The Home Secretary made a statement to Parliament on Abu Qatada saying that we are “we are resuming his deportation”. It is good news that Abu Qatada is back in custody and that the Home Secretary notes “the judgement (sic) of British courts that Qatada should be deported”.
Unfortunately, the Home Secretary will not just act on the judgment of the British courts so as to put Abu Qatada straight on a plane back to Jordan. Instead, even though deportation has been approved by our highest court, then the House of Lords and now the Supreme Court, she tells Parliament that the government would be “breaking the law” by doing so and that “The proper processes must be followed and the rule of law must take precedence”.
Why then does the Home Secretary set aside “the judgement of British courts that Qatada should be deported”? I cite fully below the section of her statement relating to this, as well as her replies to me and Dominic Raab when we pressed the point, but in essence the government position, which will reflect the advice of Attorney-General Dominic Grieve, is that it should act on the basis of what the European Court of Human Rights (ECtHR) says, rather than the UK’s highest court.
Were we considering the EU’s European Court of Justice (ECJ) such a position would be legally unobjectionable, however much I might wish to reverse the position politically, as section 2 of the European Communities Act 1972 gives priority to EU law unless it is clearly disapplied by Parliament.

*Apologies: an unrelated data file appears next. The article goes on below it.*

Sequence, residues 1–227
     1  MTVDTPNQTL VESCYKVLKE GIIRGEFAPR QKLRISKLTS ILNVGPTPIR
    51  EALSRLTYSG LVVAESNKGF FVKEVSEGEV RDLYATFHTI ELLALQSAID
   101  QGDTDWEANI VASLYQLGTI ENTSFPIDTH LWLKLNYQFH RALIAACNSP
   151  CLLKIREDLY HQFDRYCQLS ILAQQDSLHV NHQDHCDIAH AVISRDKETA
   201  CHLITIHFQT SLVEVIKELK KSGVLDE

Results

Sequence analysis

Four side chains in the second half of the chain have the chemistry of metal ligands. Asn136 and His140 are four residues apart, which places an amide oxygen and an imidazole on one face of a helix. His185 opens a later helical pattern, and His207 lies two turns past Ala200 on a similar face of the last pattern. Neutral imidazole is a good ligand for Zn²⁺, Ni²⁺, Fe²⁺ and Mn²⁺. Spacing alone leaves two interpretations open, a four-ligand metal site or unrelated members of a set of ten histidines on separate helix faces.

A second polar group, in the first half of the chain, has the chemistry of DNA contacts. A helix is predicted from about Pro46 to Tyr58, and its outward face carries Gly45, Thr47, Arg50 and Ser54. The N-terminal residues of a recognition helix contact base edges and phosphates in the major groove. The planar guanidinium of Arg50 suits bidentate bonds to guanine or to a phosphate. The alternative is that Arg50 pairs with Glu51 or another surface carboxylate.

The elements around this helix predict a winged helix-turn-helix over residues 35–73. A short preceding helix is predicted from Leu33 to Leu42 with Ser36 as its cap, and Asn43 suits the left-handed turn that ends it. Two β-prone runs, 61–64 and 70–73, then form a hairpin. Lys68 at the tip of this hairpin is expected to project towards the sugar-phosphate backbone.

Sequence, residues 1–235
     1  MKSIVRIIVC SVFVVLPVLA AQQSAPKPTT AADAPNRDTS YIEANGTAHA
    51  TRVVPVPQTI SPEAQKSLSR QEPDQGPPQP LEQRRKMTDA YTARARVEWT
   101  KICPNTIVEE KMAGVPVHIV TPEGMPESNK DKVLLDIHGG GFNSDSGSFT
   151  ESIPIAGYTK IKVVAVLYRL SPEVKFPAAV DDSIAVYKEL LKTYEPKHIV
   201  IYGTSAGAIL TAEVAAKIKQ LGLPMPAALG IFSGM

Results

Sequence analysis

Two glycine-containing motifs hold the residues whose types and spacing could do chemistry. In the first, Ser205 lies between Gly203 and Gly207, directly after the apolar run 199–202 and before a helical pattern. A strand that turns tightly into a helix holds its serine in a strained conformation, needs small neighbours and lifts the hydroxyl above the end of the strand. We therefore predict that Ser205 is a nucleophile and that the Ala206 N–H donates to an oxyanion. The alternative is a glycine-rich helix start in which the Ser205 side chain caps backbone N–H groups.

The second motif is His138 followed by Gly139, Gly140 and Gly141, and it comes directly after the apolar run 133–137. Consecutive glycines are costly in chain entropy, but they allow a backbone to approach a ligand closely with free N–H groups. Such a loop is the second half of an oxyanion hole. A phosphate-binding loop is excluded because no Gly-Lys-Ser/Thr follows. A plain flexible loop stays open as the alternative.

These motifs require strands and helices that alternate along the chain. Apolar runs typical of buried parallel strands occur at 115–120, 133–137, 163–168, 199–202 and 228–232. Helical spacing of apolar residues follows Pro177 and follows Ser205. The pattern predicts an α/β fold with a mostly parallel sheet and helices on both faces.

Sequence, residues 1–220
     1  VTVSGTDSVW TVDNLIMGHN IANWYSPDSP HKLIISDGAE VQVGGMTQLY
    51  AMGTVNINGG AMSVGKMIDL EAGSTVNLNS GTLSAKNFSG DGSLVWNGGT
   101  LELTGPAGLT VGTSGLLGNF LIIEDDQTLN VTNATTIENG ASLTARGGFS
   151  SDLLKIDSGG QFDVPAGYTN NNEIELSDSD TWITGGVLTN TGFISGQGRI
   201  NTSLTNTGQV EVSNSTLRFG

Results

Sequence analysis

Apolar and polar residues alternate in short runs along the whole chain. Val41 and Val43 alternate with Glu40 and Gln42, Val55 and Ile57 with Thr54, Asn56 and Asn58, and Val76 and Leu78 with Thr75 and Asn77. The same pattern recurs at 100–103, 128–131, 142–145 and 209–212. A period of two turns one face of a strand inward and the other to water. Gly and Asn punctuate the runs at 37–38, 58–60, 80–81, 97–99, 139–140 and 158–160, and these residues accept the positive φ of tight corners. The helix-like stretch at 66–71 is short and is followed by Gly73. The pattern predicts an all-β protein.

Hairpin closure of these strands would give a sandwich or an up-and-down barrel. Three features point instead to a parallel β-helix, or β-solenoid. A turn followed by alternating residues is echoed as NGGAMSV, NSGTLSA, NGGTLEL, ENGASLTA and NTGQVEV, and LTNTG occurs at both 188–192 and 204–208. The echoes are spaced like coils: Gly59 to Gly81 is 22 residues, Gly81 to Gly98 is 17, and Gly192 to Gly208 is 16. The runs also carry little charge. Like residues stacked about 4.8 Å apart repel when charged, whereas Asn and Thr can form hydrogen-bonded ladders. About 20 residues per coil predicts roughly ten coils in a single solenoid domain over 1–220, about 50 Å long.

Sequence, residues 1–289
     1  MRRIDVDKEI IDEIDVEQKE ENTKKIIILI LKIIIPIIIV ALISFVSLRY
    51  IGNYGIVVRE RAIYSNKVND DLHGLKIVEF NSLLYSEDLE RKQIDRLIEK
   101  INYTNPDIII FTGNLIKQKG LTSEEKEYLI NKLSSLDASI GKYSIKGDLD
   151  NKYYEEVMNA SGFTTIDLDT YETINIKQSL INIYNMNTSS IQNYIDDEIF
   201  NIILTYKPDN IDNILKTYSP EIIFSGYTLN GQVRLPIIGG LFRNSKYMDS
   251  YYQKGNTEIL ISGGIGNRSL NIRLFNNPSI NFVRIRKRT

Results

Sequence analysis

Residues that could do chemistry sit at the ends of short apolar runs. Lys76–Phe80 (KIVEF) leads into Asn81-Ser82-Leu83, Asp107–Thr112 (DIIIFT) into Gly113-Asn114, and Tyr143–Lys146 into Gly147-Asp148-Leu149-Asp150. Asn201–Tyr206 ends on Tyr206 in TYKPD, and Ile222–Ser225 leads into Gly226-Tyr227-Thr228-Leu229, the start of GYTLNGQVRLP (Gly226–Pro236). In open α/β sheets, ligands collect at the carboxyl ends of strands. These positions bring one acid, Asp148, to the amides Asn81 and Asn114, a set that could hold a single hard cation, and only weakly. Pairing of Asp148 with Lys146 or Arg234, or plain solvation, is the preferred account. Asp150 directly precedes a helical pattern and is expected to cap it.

However, that is not the position with respect to the ECtHR. Parliament incorporated the European Convention on Human Rights (ECHR) into domestic law under the Human Rights Act 1998 so that UK courts could rule on it, as the House of Lords has done saying that Abu Qatada may be deported, but we have not made ECtHR decisions directly applicable in UK law.
So it makes no sense for Theresa May to say “As soon as we issued a deportation notice to Qatada, his lawyers would win an immediate injunction preventing us removing him … no Council of Europe member state now ignores Rule 39 injunctions, which Strasbourg issues to prevent deportations”.
A Rule 39 ECtHR injunction would have no effect in UK law to prevent deportation, while it is far from certain that Qatada’s lawyers would win an injunction to prevent deportation from a UK court. The House of Lords has ruled that Qatada may, or according to the Home Secretary should, be deported, and its judgments are binding on other UK courts.
Were a lower court to consider that circumstances had so changed in Abu Qatada’s favour since the House of Lords had ruled (rather than against given further Jordanian guarantees), then “proper process” and “the rule of law” surely imply reconsideration by the Supreme Court, not assertion by ministers of a higher ECtHR law contrary to parliamentary and domestic judicial authority.
Since the Civil War ministers of the crown have been accountable to Parliament and to our courts. The assertion that claimed inter-governmental custom in the Council of Europe, or the provisions of the ministerial code, represent higher authority as to what constitutes lawful action by UK public servants is as novel as the Attorney-General’s record as a QC.